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Television review: 'Pregnant in Heels' on Bravo

'Mommy concierge' Rosie Pope helps affluent women micromanage their pregnancies while she remains a bastion of perspective.

April 05, 2011|By Robert Lloyd, Los Angeles Times Television Critic
  • Rosie Pope, right, and one of her clients on "Pregnant in Heels."
Rosie Pope, right, and one of her clients on "Pregnant in Heels." (David Giesbrecht, Bravo )

With "Pregnant in Heels," premiering Tuesday, Bravo adds to its Theater of Schadenfreude yet another series about the helpless rich and their high-priced factotums. The facilitator this time is Rosie Pope, a designer of upscale maternity clothes, proprietor of a "pregnancy boot camp" and a "24/7 full-time mommy concierge for million-dollar mamas." She helps women of privilege micromanage their maternities, even as she teases self-awareness out from under the shadow of their self-obsession.

"Women are bitchy, anyway," says Pope, not bitchily, "so take a rich, bitchy woman and then put a baby inside of that and then you've got my client." One should add that their husbands are no less troublesome.

One couple, who have until the eve of delivery regarded their child less as a bundle of joy than a potentially "life-force sucking parasite," is worried that their clean-lined lifestyle might become "baby-fied." ("You're having a baby," Pope reminds them.) "People call us a power couple," says another, even as the very saying brings other terms to mind. They want Pope's help in choosing a name: "We want our new baby to have class surrounding their brand." With the rich and mighty, always a little patience.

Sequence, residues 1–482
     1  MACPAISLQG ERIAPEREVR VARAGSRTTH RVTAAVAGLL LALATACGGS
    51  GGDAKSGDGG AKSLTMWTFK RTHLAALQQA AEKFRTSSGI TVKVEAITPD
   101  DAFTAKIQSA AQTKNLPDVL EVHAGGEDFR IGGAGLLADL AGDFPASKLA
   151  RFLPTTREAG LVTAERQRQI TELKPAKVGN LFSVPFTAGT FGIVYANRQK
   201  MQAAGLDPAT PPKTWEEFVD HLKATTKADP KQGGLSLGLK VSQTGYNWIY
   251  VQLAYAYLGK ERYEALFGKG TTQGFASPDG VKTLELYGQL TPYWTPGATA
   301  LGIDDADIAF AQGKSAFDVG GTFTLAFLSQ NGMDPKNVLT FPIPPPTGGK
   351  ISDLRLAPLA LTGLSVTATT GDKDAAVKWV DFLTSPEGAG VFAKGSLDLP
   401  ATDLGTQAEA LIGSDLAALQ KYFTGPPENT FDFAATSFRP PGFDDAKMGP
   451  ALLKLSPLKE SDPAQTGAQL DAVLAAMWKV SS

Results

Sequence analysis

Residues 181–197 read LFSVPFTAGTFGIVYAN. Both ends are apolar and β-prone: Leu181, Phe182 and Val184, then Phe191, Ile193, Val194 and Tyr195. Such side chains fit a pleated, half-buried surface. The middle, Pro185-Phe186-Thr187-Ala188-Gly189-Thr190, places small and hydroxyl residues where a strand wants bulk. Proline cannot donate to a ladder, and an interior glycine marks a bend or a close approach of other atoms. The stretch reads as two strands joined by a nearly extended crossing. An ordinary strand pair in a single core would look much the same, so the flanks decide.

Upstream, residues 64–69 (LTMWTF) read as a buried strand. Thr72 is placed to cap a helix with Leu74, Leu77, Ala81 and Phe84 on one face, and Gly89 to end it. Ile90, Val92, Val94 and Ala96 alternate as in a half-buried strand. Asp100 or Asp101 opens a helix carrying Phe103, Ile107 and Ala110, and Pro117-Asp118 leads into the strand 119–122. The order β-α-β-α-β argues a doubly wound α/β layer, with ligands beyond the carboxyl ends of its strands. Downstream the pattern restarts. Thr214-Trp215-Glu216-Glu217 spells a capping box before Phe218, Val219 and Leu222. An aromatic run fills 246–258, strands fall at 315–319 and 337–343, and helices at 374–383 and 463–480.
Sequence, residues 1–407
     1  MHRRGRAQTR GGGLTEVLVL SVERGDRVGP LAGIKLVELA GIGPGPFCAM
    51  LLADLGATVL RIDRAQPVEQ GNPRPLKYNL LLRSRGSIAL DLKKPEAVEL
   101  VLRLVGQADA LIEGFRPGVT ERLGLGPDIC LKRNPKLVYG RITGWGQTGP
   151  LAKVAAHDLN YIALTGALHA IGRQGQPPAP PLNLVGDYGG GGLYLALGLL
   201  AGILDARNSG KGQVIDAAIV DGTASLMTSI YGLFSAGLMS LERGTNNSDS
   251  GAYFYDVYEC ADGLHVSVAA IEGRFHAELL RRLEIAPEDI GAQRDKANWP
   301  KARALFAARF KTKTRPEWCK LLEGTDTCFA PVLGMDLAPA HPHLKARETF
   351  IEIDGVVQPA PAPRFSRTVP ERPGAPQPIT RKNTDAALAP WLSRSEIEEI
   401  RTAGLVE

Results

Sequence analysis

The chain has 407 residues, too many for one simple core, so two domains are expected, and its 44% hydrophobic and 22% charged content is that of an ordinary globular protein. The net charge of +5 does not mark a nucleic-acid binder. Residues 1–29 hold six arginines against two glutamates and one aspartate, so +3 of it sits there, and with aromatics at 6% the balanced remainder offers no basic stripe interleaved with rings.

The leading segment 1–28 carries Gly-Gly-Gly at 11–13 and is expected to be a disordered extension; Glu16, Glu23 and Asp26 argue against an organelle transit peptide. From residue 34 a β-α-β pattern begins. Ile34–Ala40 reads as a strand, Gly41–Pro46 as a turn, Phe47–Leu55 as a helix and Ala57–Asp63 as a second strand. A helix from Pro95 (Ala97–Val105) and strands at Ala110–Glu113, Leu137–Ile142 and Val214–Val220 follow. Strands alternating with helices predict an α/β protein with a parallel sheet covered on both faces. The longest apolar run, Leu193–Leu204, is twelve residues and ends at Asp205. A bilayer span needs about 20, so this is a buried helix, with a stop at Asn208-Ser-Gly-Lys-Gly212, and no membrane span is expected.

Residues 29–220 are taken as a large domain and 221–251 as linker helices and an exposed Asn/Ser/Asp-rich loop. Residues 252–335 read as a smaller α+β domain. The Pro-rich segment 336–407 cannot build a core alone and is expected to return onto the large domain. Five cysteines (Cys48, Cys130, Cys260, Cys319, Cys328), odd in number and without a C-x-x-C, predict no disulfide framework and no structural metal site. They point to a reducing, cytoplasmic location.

Pope is a likeable woman, smart and sensible. Although the Difficult Boss is a common feature of Bravo series, by network standards she is egoless as the Buddha. (She is attempting, in the course of the show, to become pregnant with a second child, but a few brief glimpses into and shed tears over this fraught process are all we get of her personal life; this is not "The Rachel Zoe Project.") Indeed, as a protector of the almost-born from the fuzzy thinking and distracted inattention of their parents, she is a bastion of perspective.

And the subject demands, and gets, happy endings. It is one thing for adults to go on acting like little children into what should be their maturity; it is quite another for them to infect helpless infants with their pathologies and for viewers to be asked to take this as entertainment — and for all its readiness to exploit human frailty, Bravo wants its shows to be taken as good, shameless fun. Through Pope's own instruction, guest expert help and the raw fact of the babies, who arrive near the end of Act IV, Pope's clients all wake up to reality — the real kind. Ultimately, it's a makeover show.

robert.lloyd@latimes.com

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